Illinois Natural History Survey - University of Illinois

Species Spotlight: American Beech

A winter walk in the woods is the best time to appreciate the stately American beech with its rounded crown of many long-spreading and horizontal branches. The most distinguishing feature isn't its shape, however, but the smooth, steel-gray bark that covers the trunk and branches like a tight skin. To the envy of humans, even in old age the beech retains its smooth bark. Unfortunately, this smoothness is as irresistible as wet concrete to human scribes and the bark is usually disfigured by initials or carvings that remain for the life of the tree. This permanent, arboreal record-keeping is made possible by the rapid formation of wound cork (the tree's equivalent to a scab that forms over skinned knees). Tears, cuts, or incisions in the bark are quickly sealed over by the cork cambium, leaving distinctive scars. One of the oldest scars on an American beech was made by Daniel Boone--"D. Boone cilled a bar on tree in year 1760."

American beech (Fagus grandifolia).

Only one species of beech, Fagus grandifolia, grows in North America, and colonists quickly learned that its presence indicated good soil; the trees grow in deep, rich loam. Beech trees are typical of the hardwood forests of the eastern United States. In Illinois, growing along the eastern border, they represented a transition between the beech-maple forests to the east and the prairie and oak-hickory forests to the west. The American beech can be found in Lake and Cook counties, the southern fourth of the state, and extending along the eastern border from Vermilion County south.

Beeches are slow-growing and may attain an age of 300 to 400 years. Heights of 70-120 feet are common. Their roots are shallow and spreading, except for a deep tap root. The flowers and leaves appear together, from April to May, and both sexes are on the same tree. Male flowers (staminate) are in round heads on long drooping stems. The female flowers (pistallate) are in clusters on short stems. The leaves are alternate, shiny green, elliptical, and have saw-toothed edges. In the fall they turn yellow or bronze. Pioneers collected the leaves in autumn to fill their mattresses. A settler wrote in 1862, "The smell is grateful and wholesome, they do not harbor vermin, are very elastic and may be replenished annually without cost."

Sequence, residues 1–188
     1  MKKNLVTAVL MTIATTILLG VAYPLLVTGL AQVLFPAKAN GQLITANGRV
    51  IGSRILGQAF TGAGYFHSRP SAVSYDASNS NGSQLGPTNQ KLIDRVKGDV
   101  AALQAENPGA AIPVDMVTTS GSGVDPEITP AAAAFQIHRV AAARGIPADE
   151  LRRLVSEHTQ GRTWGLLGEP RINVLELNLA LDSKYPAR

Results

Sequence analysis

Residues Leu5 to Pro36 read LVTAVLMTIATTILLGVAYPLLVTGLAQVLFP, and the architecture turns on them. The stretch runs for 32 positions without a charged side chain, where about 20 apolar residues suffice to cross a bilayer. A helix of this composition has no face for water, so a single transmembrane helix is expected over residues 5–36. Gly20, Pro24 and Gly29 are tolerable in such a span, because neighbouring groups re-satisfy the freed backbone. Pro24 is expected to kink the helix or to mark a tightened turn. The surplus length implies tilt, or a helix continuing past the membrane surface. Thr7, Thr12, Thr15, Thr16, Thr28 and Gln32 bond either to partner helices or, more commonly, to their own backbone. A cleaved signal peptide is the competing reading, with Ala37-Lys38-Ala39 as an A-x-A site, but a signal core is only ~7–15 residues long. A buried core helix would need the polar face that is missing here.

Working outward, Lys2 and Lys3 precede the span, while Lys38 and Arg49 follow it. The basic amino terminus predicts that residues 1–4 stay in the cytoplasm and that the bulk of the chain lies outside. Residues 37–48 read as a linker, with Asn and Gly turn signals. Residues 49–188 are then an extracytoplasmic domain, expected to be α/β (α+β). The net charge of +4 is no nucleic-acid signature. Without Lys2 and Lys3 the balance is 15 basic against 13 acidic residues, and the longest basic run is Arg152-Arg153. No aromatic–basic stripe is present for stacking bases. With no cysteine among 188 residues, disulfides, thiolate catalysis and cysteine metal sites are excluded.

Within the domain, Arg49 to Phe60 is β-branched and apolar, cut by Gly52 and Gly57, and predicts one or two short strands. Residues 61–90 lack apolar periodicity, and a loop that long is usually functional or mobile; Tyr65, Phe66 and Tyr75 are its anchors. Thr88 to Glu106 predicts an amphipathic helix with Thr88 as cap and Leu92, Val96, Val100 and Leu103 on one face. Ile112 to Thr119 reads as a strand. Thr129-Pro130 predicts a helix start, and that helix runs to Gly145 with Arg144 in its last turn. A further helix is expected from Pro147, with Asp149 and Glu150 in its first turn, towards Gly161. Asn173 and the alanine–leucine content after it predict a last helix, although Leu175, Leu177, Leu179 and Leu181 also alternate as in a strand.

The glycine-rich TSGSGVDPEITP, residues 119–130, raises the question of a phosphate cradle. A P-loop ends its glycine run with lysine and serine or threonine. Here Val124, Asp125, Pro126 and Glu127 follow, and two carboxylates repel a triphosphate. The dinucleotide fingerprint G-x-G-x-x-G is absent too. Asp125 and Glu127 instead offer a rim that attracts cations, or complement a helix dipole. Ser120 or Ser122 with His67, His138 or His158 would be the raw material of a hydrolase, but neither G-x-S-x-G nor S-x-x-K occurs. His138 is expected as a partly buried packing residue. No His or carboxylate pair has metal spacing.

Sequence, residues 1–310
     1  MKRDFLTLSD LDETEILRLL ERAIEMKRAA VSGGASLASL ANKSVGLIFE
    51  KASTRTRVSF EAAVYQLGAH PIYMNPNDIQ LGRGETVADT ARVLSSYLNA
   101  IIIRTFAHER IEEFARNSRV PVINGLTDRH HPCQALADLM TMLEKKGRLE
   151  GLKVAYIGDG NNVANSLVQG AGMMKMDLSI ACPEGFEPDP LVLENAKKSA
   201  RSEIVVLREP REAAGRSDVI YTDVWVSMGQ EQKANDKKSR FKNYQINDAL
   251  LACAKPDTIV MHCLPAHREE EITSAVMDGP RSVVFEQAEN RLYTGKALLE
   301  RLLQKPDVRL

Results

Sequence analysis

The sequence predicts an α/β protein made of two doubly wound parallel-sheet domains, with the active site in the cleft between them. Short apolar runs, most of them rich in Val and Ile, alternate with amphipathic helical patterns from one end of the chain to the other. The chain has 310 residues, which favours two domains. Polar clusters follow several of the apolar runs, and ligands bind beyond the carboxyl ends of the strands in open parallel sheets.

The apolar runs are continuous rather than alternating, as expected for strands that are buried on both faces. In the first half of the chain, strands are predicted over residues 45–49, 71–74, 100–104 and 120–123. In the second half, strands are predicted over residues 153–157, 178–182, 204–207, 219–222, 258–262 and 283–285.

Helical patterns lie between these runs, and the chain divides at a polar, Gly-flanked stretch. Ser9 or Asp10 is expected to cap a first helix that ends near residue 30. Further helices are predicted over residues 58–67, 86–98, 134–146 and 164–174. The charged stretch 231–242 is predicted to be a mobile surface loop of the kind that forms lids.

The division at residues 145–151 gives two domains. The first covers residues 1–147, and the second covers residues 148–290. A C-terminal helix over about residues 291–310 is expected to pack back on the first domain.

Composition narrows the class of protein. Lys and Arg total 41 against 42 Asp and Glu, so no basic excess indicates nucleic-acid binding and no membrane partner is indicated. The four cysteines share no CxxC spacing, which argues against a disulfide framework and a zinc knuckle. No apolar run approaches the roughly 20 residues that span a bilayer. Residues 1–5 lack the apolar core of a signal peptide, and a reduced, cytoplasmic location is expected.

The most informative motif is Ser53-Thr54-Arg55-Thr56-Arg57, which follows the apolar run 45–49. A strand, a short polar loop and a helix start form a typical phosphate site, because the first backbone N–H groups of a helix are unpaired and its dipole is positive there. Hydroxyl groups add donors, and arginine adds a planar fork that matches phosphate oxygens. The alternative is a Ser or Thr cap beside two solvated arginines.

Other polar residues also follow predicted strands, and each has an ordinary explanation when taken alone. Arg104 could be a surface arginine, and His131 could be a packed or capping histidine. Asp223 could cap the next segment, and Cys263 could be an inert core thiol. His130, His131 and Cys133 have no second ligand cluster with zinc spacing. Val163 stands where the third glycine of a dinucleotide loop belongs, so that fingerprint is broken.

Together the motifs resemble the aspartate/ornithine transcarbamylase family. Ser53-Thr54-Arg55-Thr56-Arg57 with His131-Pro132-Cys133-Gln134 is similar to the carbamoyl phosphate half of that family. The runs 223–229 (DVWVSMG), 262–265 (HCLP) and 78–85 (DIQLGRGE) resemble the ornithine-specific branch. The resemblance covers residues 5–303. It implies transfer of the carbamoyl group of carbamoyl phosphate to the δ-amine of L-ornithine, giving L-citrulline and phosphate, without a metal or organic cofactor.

The fruits of the beech are small triangular nuts enclosed in a spiny bur. The bur splits open in October releasing the nut meats. These nuts, which are 20% protein and 50% fat, are responsible for the generic name Fagus, which means "to eat." The early pioneers fattened their Thanksgiving turkeys and hogs on beech nuts. The beech nut was also the number one food choice of the passenger pigeon. A single bird could consume a half pint of nuts a day.

When Prince Maximilian toured the Midwest in 1833, he commented that the beech forests were "the most splendid forests I had yet seen in America." For a glimpse of a beech forest visit the Russell M. Duffen Nature Preserve at Forest Glen in Vermilion County, American Beech Woods Nature Preserve in Lincoln Trail State Park in Clark County, Robeson Hills Nature Preserve in Lawrence County, and along Hamburg Hill in Union County.

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